Abbey Wood is set within a larger area of woodland which at one time formed part of the grounds of St. Benet’s Abbey. The abbey is located at the half-way point on the Saints Way, a medieval route taken by pilgrims on their way from Ireland to France, which crosses from Padstow on Cornwall’s north coast to Fowey on the south coast. As well as its’ original use, the abbey, built in 1411, by the Benedictine order as a lazar house or hospital, has also served as the family seat for the Courtenay family (16th century), a hospice for troops returning from the Crimean War and is presently a guest house.
From the entrance way to the woodland an ancient track leads straight ahead, running all the way along to the northernmost point of the wood. This track has been used over many years, as evidenced by the way the ground to either side is raised up and at points all along the track, exposed stonework shows the way the banks were constructed.
The upper canopy of Abbey Wood is dominated by tall broadleaves, mostly beech and sycamore with some ash and oaks. Many of these trees have grown from large coppice stools, indicating that this part of the woodland was once worked, probably as a source of fuel for the Abbey. Beneath the larger trees is a somewhat unusual mix of bamboo and laurel. The bamboo harks back to a period after the second world war, when it was grown commercially in the area. In 1938 the Boy Scout movement were involved in cutting the Bamboo to send to London on a train for London Zoo’s first Pandas. The laurel here forms dense thickets which provide cover for wildlife, although some thinning would open up the woodland floor to more light and give other species the chance to emerge.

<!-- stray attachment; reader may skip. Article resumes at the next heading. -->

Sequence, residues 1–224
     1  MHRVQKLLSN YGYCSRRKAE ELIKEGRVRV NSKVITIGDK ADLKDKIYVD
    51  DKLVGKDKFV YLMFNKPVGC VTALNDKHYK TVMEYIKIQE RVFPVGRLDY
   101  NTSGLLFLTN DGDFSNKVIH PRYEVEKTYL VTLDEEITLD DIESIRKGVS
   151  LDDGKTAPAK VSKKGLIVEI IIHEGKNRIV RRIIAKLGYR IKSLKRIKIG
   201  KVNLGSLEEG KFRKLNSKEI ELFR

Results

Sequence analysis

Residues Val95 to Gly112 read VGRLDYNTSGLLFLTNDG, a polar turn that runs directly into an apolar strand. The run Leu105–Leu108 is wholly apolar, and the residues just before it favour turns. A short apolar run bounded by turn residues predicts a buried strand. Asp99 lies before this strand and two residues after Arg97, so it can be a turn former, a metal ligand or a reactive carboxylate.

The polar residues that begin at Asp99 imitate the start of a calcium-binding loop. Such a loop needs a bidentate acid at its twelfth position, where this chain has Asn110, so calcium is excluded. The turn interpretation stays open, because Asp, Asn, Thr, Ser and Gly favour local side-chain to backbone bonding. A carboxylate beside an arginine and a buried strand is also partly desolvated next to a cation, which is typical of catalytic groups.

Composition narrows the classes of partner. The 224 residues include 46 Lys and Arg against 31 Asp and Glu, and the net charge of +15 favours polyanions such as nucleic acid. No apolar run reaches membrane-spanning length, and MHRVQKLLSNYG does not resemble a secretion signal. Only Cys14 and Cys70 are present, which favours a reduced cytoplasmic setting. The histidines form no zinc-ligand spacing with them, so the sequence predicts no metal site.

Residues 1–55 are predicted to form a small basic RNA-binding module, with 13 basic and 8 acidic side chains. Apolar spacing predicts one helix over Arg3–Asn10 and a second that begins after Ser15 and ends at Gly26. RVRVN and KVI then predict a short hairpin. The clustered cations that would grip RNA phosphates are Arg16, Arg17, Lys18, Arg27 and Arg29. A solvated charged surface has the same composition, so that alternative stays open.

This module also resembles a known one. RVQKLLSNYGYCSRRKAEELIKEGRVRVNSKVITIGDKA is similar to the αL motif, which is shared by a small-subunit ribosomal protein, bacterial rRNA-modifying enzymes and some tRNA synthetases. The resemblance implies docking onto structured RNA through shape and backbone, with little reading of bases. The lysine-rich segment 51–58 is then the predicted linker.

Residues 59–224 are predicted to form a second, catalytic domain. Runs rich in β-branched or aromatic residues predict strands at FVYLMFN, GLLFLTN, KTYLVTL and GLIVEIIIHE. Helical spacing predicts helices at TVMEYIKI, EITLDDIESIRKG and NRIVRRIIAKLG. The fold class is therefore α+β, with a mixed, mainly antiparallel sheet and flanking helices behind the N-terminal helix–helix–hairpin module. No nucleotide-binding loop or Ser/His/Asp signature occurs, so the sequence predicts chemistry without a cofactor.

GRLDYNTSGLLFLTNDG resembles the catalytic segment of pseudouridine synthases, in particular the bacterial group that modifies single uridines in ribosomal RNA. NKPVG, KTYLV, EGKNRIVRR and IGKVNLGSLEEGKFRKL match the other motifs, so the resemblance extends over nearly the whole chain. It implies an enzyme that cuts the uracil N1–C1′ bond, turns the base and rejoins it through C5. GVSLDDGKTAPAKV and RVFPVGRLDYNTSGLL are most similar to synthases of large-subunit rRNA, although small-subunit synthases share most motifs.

A short track branching left from the main track takes you up to a newly created clearing where a grove of native oaks has been planted. The ground flora here includes Enchanter’s nightshade(Circaea lutetiana) the perennial herb yellow pimpernel, another yellow flower in the celandine, bluebells and wild garlic (ramsons). Continuing on through the clearing you reach a lovely open area where a bench is set among a carpet of bluebells around a bench. From here a smaller track heads up and along the eastern boundary of Abbey Wood.
Old boundary banks – raised earth with mature (coppiced) trees set along them, run across the woodland, creating three separate compartments. The northern third, with its open aspect and abundant ground flora gives a good idea of what could be achieved with a bit of work clearing/thinning the laurel in the other areas.
Particulars and plans were prepared by our local manager, Stuart Brooking.
The purchasers of the woodland will be asked to enter into a covenant to ensure the quiet and peaceful enjoyment of adjoining woodlands and meadows.
You are welcome to visit this wood
by yourself, but please ensure that you have a copy of these sales details with you – many
of our woodlands do not have mobile phone
reception or internet access so we recommend either printing the details or downloading them
to your phone/tablet/laptop.
Do remember to also check that it is still available for sale.
If you have seen the woodland and wish to be accompanied on a second more detailed visit
please contact our local manager.
From the A30 dual carriageway:
- Leave the A30 at the Eden Project exit, also signed to St. Austell
- If travelling west, take the 3rd exit from the roundabout, cross over the dual carriageway and at the second roundabout take the 2nd exit onto the A389 signposted to Lanivet
- If travelling east,take the 2nd exit at the roundabout onto the A389 signposted to Lanivet
- After about 1/4 mile you will reach the entrance to St. Benet’s Abbey hotel on your left
- The gated entrance to the woodland is a further 100 yards or so on your left
- There is no parking by the gate, but there is a small ‘pull-in’ on the opposite side of the road
- Alternatively, there is a free public car park just a little further down the road, on the right-hand side
- Go over the gate and follow the track straight ahead
- After about 100 yards there is a ‘crossroads’ in the track. Turn right here and Abbey Wood is to your left.
Satnav/GPS note: the postcode PL30 5HF is for St. Benet’s Abbey Hotel, the point shown by the red dot on the two location maps.